129th Regiment Virginia Militia, Appalachia, Brandon Kirk, cemeteries, civil war, Confederate Army, Garland Conley Family Cemetery, genealogy, Harts Creek, history, Logan County, Phyllis Kirk, Smokehouse Fork, West Virginia
2nd Division of West Virginia, A.J. Perry, Aaron Adkins, Albert McNeeley, Allen Hale, Allen J. Sheppard, Alvin Hall, Andy Lee, Andy Perry, Anthony Bryant, Appalachia, Astynax McDonald, Benjamin F. Curry, Beverly Spencer, Bias, Big Creek, Bolivar McDonald, Boone County, Boss Mangus, Breeden, Bull Run, Buskirk Hotel, C.A. Staten, C.E. Whitman, Calvin Bias, Camp Garnett, Camp Straton, Chapmanville, Charles E. Whitman, Christopher Davis, civil war, Confederate Army, Curry, Daniel J. Smoot, Daughters of the Confederacy, David Hale, David Hicks, David K. White, David Workman, Devil Anse Hatfield, Don Chafin, Dyke Garrett, E.J. Stone, E.S. Vickers, East Lynn, F.B. McDonald, F.S. Vickers, Florida, Floyd S. Barker, Foley, Francis M. Collins, Fulton D. Ferrell, genealogy, George Bryant, George Crump, George R. Scaggs, Gettysburg, Giles Davis, Gord Lilly, Gordon Riffe, Green Thompson, Guy Lawson, H.C. Runyon, H.H. Ray, Hardy County, Harmon White, Harrison White, Henry C. Runyon, Henry Mitchell, Hiram Burgess, Hiram Pridemore, history, Holden, Hubbard Williams, Hugh Avis, Huntington, I.G. Berry, Isaac McNeeley, J.A. Chapman, J.A. Ellis, J.B. Lowe, J.C. Chapman, J.E. Acord, J.E. Thompson, J.H. Allen, J.K. McNeeley, J.R. Miller, J.S. Miller, J.W. Blevins, J.W. Dempsey, J.W. Harvey, J.W. Martin, Jacksonville, Jalin White, James Blevins, James C. Varney, James E. Longstreet, James H. Allen, James I. Dingess, James Marcum, James R. Henderson, Jefferson Hotel, Joe A. Counts, Joe Accords, Joe Lowe, John A. Lawson, John A. Thompson, John B. Wilkinson, John Dempsey, John Ferrell, John G. Jeffrey, John Messer, John R. McCoy, John W. Holdron, John W. Neece, John Wallen, John White, Joseph Evans, Joseph Johnston, Joseph Mitchell, Joseph William Spence, Kitchen, L.D. Chambers, L.D. Perry, L.D. Starr, L.D. Stone, Levi Lowe, Lewis Brewster, Lewis Cary, Lincoln County, Logan, Logan Banner, Logan County, Logan Democrat, Logan Wildcats, Lorenzo D. Stollings, Lou G. Buffington, Luke Curry, M.A. Doss, M.A. Robinson, M.D. Stone, M.L. Campbell, Man, Manassas Junction, Marion McCoy, Mat Pauley, Moorefield, Moses D. Tiller, music, N.B. Barker, N.B. Moberly, N.B. Sanders, Noah Barker, Obediah Workman, Patterson Dingess, Peck Hotel, Pecks Mill, Piedmont, R.L. Stone, Reuben P. White, Reuben White, Richard McCallister, Richmond, Riley F. Hager, Robert E. Lee, Robert Lewis, Rolfe, Rush Floyd, S.P. Vernatter, Shively, Simpson Ellis, Sol Adams, Sons of Confederate Veterans, Stonewall Jackson, T.B. Stone, T.C. Conley, Thomas B. Farley, Thomas H. Harvey, United Confederate Veterans, Vicie Nighbert, Virginia, W. Farmer, W.D. McNeeley, W.E. Carey, W.E. Cary, W.F. Butcher, W.H. Whitman, Wayne B. Ferguson, Wesley Reed, West Virginia, William Blackburn, William C. Lucas, William Cary, William D. Nelson, William E. Chilton, William H. Ellis, William L. Stollings, William N. Stone, William Nelson, William White, Williamson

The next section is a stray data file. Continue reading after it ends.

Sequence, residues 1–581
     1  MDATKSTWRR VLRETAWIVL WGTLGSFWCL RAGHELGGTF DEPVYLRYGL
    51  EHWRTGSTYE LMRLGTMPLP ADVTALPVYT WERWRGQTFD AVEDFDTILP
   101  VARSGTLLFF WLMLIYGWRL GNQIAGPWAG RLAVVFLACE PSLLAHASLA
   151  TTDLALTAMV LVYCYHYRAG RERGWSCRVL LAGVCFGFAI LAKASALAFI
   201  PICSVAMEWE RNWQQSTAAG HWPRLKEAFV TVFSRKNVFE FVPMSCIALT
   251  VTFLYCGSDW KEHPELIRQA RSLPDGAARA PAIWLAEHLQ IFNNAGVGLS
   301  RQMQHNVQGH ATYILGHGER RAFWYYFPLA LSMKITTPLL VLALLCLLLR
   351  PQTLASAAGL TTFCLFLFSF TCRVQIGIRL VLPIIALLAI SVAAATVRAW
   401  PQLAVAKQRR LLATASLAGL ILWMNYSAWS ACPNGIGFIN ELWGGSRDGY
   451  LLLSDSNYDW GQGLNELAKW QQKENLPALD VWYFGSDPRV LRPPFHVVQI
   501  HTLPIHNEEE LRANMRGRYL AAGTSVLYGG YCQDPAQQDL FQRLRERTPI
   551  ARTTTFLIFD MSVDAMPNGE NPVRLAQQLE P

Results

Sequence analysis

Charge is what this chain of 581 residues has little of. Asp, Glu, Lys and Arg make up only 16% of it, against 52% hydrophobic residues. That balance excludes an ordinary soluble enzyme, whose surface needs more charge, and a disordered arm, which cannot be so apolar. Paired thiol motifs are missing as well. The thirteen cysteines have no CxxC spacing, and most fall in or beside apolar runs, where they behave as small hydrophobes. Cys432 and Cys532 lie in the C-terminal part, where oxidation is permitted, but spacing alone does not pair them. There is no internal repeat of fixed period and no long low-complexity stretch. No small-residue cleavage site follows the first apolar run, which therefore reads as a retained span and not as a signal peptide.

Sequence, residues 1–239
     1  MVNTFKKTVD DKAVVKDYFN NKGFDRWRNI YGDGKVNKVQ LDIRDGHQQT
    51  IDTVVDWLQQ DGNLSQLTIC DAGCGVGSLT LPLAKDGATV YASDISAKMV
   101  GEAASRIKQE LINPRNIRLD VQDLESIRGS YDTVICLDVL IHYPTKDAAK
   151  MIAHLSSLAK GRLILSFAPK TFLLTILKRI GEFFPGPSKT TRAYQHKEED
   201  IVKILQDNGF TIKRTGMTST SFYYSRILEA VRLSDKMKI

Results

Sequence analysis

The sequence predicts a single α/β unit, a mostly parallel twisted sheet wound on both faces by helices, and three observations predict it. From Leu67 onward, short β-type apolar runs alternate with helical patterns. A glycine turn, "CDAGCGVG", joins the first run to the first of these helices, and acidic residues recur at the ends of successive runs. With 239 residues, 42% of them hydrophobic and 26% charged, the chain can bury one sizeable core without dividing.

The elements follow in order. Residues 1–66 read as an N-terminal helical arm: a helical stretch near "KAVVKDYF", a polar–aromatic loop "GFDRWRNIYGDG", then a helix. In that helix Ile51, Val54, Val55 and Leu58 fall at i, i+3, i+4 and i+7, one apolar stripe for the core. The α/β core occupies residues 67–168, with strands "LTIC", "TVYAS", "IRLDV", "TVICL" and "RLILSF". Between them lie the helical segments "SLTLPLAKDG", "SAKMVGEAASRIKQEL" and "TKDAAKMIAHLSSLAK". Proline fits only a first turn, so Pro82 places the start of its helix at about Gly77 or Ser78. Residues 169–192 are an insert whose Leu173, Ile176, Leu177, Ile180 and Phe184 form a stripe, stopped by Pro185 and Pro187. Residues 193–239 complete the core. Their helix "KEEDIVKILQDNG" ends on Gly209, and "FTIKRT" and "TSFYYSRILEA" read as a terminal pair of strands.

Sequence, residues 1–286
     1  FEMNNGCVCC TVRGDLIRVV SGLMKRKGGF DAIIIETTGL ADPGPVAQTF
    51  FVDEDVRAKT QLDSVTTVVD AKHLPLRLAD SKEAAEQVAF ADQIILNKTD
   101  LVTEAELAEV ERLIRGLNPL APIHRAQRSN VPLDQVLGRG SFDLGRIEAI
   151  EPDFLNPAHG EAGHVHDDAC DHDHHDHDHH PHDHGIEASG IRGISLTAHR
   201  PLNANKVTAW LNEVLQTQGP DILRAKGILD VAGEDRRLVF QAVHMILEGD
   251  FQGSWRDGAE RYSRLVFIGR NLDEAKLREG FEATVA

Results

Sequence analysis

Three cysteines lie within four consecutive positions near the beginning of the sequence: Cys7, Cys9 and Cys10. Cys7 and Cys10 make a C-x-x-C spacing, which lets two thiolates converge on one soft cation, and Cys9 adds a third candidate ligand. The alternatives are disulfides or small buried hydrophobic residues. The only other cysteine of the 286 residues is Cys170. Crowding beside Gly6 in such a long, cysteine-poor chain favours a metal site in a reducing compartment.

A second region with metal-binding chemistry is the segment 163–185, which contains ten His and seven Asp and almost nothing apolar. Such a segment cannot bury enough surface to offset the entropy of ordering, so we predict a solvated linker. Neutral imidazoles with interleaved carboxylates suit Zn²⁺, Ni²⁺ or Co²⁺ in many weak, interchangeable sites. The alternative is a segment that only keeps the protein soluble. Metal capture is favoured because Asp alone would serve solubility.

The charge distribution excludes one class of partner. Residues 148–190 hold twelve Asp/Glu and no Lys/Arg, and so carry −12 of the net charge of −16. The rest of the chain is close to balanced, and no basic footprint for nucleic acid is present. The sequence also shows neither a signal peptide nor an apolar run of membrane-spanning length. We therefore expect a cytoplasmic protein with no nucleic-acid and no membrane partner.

From the Logan Banner and Logan Democrat of Logan, WV, come these stories of Confederate reunions in Logan County, WV:
The old Confederate soldiers will hold their semi-annual reunion at Chapmansville next Saturday. A good time will be had by all who attend.
Source: Logan (WV) Banner, 1 June 1911.
OLD SOLDIERS MEET
Members of Camp Straton U.C.V. Hold Reunion at Chapmansville
EDITOR DEMOCRAT: The Confederate veterans of Camp Straton met at Chapmansville on last Saturday in celebration of the fiftieth anniversary of their enlistment in the cause of the Southern Confederacy. They were met and greeted by Daniel Smoot and several others from our sister county of Boone, and Robert Lewis of Lincoln county. J.W. Harvey was also present. M.L. Campbell of the Soldier’s Home, at Richmond, Va., enjoyed the pleasure and opportunity on this memorable occasion to once more greet his old comrades of the Lost Cause.
They met, shook hands and greeted each other, and at times the writer could detect the tears in the eyes of these old veterans, which showed the true spirit of these old comrades as they talked of the days when they followed Lee and Jackson, Johnson and Longstreet and others of their immortal leaders in the battles of Gettysburg, Bull Run, Piedmont, Manassas Junction and many other of those famous battles which today stand in history as sentinels of one of the bloodiest and hardest fought wars in the history not only of this nation but of the world.